Risk Assessment in Water Recycling: EDCs as a Case Study
During the last few decades, the focus on chemical pollution in water has been largely directed towards the well-known "priority pollutants" especially those displaying persistence in the environment. There are well established methods for assessing the risks posed by these chemicals and guidelines are usually available. At the same time there has been a transfer of hazard control critical control point or HACCP approaches from the food industry to water as in the most recent Australian Drinking Water Guidelines (ADWG 2004). This method is appropriate for known or better-understood hazards such as pathogens, but the available data for some substances for which there are no guidelines (eg. complex mixtures and 'emerging' contaminants such as hormones, drugs and personal care products) is limited. Consequently the methods for assessing risk are less well developed. In an era focussed on sustainability, the water industry is faced with the challenge of ensuring a sustained and safe supply of drinking water from sources of varying quality including recycled water for indirect potable reuse. In order to protect human health and the environment, risk assessment methods for these 'emerging contaminants' and a clear understanding of the risk are required. Some of the underlying science is complex and understanding the associated risks requires a thorough approach. Quantiative risk assessment methods based on mechanistic studies are being developed wordwide towards this need (Soto et al 1992; NIEHS 2002), however a curious situation has arisen in the last decade where the perception of risk has emerged as significantly greater than the risks suggested by the scientific data. This can significantly impact on decision-making and risk management. Endocrine disrupting compounds (EDCs), sometimes also known as hormonally active agents or endocrine modulators, are substances that can affect the endocrine system in animals including humans and fish. When people read or hear reports about effects in fish or other aquatic life they may wonder whether they should be concerned about similar effects in humans. There are two considerations here. 1. No studies to date have conclusively linked low concentrations of EDCs in wastewater to adverse health effects in humans (Damstra et al 2002), and; 2. The effects observed in fish and other aquatic organisms, and attributed to endocrine disruption can have other causes (Sumpter and Johnson 2005). This is not to say that the effects cannot be associated with EDCs, just that they may or may not be. We have demonstrated over the last few years that wastewater treatment can remove efficiently the majority of known EDCs before the water is recycled, at least for the treatment plants we have investigated (Chapman 2003; Leusch et al 2005, 2006a). However because cause and effect is difficult to demonstrate and it is nearly impossible to prove a negative, there remains a skewed perception of risk compared to the scientific evidence.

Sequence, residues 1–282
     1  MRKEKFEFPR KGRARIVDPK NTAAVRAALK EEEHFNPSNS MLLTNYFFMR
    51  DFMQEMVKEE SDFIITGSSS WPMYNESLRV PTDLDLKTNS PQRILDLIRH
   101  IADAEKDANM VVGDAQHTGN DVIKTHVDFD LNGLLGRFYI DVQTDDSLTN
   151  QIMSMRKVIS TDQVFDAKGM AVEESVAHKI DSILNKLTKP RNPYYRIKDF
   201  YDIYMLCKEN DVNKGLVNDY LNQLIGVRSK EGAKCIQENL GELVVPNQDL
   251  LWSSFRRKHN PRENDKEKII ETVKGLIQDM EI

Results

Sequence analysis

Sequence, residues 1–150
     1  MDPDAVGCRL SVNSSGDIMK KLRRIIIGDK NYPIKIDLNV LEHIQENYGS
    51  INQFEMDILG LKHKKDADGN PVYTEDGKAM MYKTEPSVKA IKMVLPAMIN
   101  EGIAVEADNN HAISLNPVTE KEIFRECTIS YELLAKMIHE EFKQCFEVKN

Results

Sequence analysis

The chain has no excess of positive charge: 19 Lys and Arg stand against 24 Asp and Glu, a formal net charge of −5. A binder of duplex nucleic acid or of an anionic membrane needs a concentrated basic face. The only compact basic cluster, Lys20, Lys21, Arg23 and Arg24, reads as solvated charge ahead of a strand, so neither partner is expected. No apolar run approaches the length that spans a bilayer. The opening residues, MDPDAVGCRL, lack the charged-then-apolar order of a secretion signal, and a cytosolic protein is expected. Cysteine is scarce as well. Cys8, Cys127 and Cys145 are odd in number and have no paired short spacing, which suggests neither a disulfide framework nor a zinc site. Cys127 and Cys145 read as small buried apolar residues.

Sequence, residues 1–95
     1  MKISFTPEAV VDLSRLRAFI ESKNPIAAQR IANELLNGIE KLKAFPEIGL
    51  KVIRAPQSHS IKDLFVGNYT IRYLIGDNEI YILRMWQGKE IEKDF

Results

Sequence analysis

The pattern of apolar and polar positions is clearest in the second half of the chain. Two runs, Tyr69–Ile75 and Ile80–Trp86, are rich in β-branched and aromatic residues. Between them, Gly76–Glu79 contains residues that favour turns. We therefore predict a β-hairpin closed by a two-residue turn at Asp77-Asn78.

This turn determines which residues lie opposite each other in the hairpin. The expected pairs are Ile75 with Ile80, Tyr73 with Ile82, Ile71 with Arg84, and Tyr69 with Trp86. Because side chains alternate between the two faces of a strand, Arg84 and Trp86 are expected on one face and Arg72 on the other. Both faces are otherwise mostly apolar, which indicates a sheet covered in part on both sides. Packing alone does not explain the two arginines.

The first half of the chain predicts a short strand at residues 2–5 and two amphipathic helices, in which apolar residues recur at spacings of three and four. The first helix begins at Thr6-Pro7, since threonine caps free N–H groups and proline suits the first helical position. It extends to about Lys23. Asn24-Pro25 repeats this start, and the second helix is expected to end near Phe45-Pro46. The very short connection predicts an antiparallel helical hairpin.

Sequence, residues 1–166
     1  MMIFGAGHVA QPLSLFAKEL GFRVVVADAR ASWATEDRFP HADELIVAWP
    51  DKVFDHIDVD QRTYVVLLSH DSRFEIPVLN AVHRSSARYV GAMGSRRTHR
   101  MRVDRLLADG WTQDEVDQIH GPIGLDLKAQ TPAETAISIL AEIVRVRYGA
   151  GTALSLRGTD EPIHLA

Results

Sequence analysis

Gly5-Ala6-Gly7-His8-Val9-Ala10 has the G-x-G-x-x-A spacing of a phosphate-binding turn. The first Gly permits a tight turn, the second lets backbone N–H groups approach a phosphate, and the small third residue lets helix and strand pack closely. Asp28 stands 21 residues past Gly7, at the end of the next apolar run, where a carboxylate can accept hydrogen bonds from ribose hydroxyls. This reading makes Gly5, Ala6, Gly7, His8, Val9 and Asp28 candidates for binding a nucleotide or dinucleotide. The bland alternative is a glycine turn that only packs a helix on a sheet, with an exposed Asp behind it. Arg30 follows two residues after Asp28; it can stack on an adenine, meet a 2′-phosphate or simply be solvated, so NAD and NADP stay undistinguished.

Enviro 06: Building Sustainable Cities
Water Quality Engineering